NAO brake pads are usually the factory choice for a lot of car manufacturers. This means when you replace your aging brake pads with a set of these, you won’t find a big difference.
Another thing is that since NAO brake pads are silent (especially in comparison to the metallic brake pads), using these on a laidback daily driver makes complete sense. They provide adequate stopping power in most everyday driving scenarios.
On the downside, NAOs aren’t great in extreme temperatures, which renders them ineffective both in harsh winters and when the driving conditions are more demanding — like on a track day.
Semi-Metallic or Metallic
Pad Life: Medium
Best Use: Street Use/Light Motorsport
Brake Dust: Medium
Metallic brakes are more expensive than NAOs but they’re more popular in the aftermarket, owing to the fact that they last longer and work well in a variety of conditions.
While the exact composition of these brakes may differ depending on the brand, some of the common materials used are:
- copper, and
Pressing the brake pedal on a car with metallic brake pads won’t give you a spongy feeling. That’s mainly because the pads don’t compress under pressure. This also means an overall positive feeling and more feedback from your car’s brake system.
On the downside, metallic brake pads tend to cause a fair bit of dust. They’re also heavier and tend to be harsher on the rotors. So while your pads will last longer, and perform well, your rotors’ overall life might reduce slightly.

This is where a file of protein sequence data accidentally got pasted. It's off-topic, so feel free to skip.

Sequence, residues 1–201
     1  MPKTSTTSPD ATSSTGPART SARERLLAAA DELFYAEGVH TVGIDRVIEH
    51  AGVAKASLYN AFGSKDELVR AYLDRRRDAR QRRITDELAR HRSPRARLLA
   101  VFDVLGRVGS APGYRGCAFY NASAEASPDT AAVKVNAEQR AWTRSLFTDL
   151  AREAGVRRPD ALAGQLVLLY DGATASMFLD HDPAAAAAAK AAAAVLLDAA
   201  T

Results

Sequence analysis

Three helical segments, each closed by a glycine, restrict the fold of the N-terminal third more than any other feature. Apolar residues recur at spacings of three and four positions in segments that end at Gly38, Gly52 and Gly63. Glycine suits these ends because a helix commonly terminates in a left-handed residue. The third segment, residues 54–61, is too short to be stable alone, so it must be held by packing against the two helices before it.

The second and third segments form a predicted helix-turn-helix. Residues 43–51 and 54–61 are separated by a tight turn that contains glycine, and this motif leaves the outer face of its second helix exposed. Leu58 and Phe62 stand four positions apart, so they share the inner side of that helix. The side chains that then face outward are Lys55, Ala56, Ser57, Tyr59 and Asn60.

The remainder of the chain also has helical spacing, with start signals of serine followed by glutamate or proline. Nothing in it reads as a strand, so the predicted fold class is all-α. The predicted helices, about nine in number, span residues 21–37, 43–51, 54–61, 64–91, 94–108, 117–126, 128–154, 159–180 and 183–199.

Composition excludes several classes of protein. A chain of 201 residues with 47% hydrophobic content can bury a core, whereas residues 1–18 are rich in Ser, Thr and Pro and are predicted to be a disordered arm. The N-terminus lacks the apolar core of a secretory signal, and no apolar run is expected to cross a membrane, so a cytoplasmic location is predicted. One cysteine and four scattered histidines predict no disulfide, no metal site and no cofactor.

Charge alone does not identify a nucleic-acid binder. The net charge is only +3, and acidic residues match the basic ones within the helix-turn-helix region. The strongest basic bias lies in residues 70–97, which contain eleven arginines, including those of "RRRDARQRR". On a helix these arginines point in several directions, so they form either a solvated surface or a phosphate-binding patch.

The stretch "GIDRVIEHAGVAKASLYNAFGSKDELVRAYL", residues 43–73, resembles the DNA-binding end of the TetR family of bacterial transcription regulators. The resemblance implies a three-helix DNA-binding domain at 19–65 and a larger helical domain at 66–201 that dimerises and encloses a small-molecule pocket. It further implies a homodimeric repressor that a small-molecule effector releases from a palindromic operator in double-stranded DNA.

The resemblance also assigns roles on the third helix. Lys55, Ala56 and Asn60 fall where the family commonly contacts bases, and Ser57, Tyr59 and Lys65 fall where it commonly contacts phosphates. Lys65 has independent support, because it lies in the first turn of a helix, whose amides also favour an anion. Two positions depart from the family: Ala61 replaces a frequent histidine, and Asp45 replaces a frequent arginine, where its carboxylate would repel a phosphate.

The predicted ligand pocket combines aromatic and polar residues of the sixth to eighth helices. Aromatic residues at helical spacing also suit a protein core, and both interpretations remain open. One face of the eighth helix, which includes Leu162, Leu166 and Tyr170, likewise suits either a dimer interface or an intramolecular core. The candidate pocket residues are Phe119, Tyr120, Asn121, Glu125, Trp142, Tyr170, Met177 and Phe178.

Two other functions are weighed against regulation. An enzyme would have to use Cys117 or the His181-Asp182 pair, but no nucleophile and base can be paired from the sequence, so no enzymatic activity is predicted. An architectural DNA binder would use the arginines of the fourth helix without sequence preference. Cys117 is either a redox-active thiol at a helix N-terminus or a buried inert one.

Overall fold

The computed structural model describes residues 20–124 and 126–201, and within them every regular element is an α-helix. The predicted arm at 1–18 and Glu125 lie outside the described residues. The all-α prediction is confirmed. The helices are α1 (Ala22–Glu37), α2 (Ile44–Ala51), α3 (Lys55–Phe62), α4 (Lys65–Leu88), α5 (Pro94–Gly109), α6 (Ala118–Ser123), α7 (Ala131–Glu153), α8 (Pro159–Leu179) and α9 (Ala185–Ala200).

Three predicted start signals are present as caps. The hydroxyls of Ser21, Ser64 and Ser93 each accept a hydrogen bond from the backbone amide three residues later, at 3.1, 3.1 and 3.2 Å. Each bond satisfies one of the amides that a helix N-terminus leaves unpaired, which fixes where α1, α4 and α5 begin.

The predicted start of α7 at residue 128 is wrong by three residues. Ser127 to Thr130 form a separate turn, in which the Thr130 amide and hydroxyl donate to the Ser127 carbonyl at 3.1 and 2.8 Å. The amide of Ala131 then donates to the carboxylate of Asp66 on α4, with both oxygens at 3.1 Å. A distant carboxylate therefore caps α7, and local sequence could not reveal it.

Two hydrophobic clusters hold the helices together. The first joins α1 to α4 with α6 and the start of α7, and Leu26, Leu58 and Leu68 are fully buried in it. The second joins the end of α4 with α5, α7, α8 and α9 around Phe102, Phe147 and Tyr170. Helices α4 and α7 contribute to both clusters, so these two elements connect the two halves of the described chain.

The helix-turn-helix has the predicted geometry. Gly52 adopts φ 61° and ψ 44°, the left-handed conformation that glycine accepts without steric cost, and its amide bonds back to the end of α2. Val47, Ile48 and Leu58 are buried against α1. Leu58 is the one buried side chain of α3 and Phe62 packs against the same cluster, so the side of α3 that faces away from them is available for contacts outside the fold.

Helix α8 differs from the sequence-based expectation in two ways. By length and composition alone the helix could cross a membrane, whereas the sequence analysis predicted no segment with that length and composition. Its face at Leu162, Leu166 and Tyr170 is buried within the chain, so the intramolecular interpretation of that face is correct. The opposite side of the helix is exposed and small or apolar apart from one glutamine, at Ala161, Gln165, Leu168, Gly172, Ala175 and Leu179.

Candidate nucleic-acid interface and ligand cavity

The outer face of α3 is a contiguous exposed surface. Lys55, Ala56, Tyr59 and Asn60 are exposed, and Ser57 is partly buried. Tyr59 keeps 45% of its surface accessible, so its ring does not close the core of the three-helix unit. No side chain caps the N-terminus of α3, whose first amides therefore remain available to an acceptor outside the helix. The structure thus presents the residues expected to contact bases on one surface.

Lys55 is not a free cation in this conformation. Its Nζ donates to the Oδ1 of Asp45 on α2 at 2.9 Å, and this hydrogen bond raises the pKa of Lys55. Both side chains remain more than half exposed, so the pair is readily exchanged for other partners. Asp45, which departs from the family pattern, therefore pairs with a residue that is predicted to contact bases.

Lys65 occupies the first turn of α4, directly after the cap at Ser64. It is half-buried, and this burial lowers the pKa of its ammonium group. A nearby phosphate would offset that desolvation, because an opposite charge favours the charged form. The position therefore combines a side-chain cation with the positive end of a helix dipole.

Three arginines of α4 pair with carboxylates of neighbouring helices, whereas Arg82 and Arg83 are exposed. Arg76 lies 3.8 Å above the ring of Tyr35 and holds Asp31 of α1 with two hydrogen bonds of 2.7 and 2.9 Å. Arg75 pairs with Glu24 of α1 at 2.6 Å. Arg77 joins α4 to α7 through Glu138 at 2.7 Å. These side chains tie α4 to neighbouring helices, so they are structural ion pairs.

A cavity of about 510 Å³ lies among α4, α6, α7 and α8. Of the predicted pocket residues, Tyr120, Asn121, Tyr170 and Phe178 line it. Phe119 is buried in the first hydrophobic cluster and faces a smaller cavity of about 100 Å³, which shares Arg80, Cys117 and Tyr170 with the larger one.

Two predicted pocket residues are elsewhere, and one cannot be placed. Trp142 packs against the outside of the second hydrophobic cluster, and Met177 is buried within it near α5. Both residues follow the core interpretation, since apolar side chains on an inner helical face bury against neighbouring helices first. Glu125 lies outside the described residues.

Metallic pads might seem like a great intermediate choice, but these have absolute supremacy in a lot of aspects. Braking performance remains strong irrespective of the temperature, which is a bonus if you live in colder environments.
These brake pads are noisier than the other options on this list. But in our opinion, it’s a small price to pay for great brakes.
Pad Life: Long
Best Use: Motorsport
Brake Dust: Low
Made from a mix of high-durability ceramic and metallic fibers, this type of brake pad is a popular choice despite the high price that ceramic pads cost. They serve a very specific purpose and that is high-performance fade-free braking.
Some of the positives include:
- less dust,
- minimal stress on the rotors,
- next to no noise,
- low weight, and
- consistently optimal pedal feel without fade.
Ceramic brake pads work well for track and competitive use. In general, they don’t make a good fit for daily use since they take a long time to heat up.
Although, despite a higher purchase price, ceramic pads run for longer, and they don’t wear the rotors out as aggressively as metallic pads. The brake feel is okay, but at colder temperatures, these lack brake bite.
This can be a negative for those looking at using ceramic pads on their daily drivers, although you’ll appreciate the lack of noise under braking.